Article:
Welcome to my blog. The title originates when my primary athletic activity was competitive walking, but now that I am back to running it also includes that.

Not all content is accessible from the main page: for example, the rogaines, racewalking, and ultramarathon pages all include content that is only accessible from those pages.


Ultramarathons are any event longer than the standard marathon distance of 26.2 miles / 42.195km. Standard distances for ultras are 50km, 50 miles, 100km, and 100 miles. There are also 12 hour and 24 hour track runs, and multi-day "stage races".

I have currently (September 2012) completed 30 ultramarathons, plus 1 DNF at about 66km at the Molesworth Run. Reports for most events are provided below.

See also


Rogaining is the sport of long distance cross-country navigation. Events can be as short as 2-3 hours or the standard 24 hours. Teamwork, endurance, competition and an appreciation for the natural environment are features of the sport. Rogaining involves both route planning and navigation between checkpoints using a variety of map types.

GN Phillips and RJ Phillips, Rogaining, 3rd ed, 2000

The two main umbrella organisations for rogaining in New Zealand are: My reports for selected events are provided below.

Hiking and Mountains

The Hiking, Trail Running, and Mountains pages are all inter-related, but with some subtle differences:
  • Hiking is not an organised race, and may include Coastal Adventures, activities in the Mountains, and hiking in other locations;
  • Trail Running covers organised events, some in the mountains, but others on local hills and trails; and
  • The Mountains category covers both events and hiking in various places that can be classed as mountains.

  • Racewalking

    Racewalking only has to meet two technical requirements:
    • no loss of contact, as judged by the human eye; and
    • the leg has to be straight from the moment of first contact until it is upright.
    More detailed rules are here.

    I'm not particularly good at racewalking, often falling foul of the straight leg rule. But I still give it a go and here are the results of my endeavours.


    This blog is primarily about my walking activities, but sometimes I do run. Here are reports for events where I have run.

    Shorter Races

    I classify events as ultramarathons, marathons, rogaines, and "shorter events". So a "shorter event" is just something that is shorter than a marathon and is not a rogaine. Consequently there's a mixed bag in here: running, racewalking, half marathons, 10k and 5k races, , etc.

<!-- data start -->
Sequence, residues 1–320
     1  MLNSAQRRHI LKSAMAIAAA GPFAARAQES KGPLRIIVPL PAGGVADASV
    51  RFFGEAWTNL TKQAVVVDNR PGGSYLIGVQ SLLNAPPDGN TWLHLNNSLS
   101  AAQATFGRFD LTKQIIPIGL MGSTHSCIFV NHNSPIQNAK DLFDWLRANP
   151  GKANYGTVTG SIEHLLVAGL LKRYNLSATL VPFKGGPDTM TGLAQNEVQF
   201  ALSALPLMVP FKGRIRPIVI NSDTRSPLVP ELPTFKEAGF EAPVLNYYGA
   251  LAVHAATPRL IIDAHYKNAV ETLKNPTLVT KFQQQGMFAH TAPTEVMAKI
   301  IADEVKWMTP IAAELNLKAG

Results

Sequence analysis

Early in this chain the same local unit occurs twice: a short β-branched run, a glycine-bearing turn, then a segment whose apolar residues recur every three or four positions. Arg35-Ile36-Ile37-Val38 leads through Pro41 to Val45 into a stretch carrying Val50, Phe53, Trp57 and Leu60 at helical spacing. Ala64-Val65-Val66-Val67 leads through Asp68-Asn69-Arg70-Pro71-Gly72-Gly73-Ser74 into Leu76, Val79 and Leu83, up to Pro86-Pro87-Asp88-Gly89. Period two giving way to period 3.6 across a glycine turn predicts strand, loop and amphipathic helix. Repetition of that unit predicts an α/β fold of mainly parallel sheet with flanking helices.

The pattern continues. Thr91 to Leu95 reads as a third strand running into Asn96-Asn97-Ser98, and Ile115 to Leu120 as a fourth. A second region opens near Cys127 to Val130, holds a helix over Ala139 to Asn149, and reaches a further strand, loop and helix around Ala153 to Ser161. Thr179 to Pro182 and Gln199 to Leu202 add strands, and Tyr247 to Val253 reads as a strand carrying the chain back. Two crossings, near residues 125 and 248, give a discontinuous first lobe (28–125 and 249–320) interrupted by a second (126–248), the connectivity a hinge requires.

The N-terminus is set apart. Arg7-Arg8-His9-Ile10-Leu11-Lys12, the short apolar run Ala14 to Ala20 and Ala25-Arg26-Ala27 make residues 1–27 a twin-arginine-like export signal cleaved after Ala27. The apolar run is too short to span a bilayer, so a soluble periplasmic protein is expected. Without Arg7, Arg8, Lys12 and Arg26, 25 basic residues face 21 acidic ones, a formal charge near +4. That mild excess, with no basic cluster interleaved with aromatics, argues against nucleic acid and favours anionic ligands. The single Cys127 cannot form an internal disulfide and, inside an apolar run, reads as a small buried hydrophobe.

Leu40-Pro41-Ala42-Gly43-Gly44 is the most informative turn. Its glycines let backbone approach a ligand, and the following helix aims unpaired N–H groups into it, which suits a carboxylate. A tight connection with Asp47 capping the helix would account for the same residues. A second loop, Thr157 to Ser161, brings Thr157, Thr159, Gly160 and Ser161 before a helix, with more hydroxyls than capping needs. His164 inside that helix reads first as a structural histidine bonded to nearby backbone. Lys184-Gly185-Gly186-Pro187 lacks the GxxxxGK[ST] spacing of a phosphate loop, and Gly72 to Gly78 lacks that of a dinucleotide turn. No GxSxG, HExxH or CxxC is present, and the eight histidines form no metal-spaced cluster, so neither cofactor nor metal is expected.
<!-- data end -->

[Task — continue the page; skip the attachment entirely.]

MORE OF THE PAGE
Sunday, June 19, 2011

    Wet & Windy Wellington

    Wellington always "turns it on" for the Wellington Marathon, and today was no exception. Some rain was expected, but only light showers, and wind was supposed to be 30km/h northerlies. The wind seemed to build throughout the event so that by the end we were struggling into northerly gales and being pelted by horizontal rain driven by the wind!

    First shower of rain arrived about 37 minutes into the run. It was a bit windy and cold around past the airport, but this is the most exposed section of the course, and it looked like we just had a passing shower. Turning north around Miramar Peninsular we were told to run on the cliff side of the road (on the right, facing traffic, although the road was closed). There was a bit of a head wind in some parts along here, but generally it was not too bad.

    Rounding the end of the peninsular and turning south it was pleasant to have the wind behind us. There was some good running along here with the wind behind, picturesque scenery away from any built up areas, and still early enough in the run that everything still felt good.

    Over the Pass of Branda we crossed a number of runners we knew coming in the other direction, including Pat Stitchbury, Perry Newburn, and Vivian Cheng. Went through the turn in 2:11: Quite pleased with that, we were both feeling relatively fresh, although my right glute was starting to get quite sore.

    Heading back the wind seemed to get progressively stronger, and by the time that we were back out of the built up area the wind was so strong that it was easier to walk when we were going straight into it. Along here I started to notice my right glute and right hamstring were pinching. It must have been starting to show because there were a few places where Heather asked if I was alright.

    After going back past the airport we turned into the wind again. Many more walks along this section as the stretches into the wind were longer, and the wind was much stronger. The rain also started in earnest and was almost horizontal as it was being driven hard by the wind.

    I got completely soaked through along this section. My polypro top and shower-proof nylon jacket were no match for the wind and rain. Although we were at sea level the weather felt like what I would expect on a mountain ridge. And because we weren't on a mountain ridge I didn't have my storm gear! I started to get quite cold so Heather gave me her seam sealed jacket to wear -- she was still warm and hadn't been wearing it, and it made a significant difference to my level of warmth.

    We started making the most of the weather, taking the opportunity to jump in puddles and splash each other as we ran. A good way to have fun when the weather was atrociously bad!

    I eventually finished stiff and sore in 4:46:58. Slightly faster than at Rotorua, but a lot harder than I would have liked. Probably again a case of not enough training, but at least this counts as a good training run for something!


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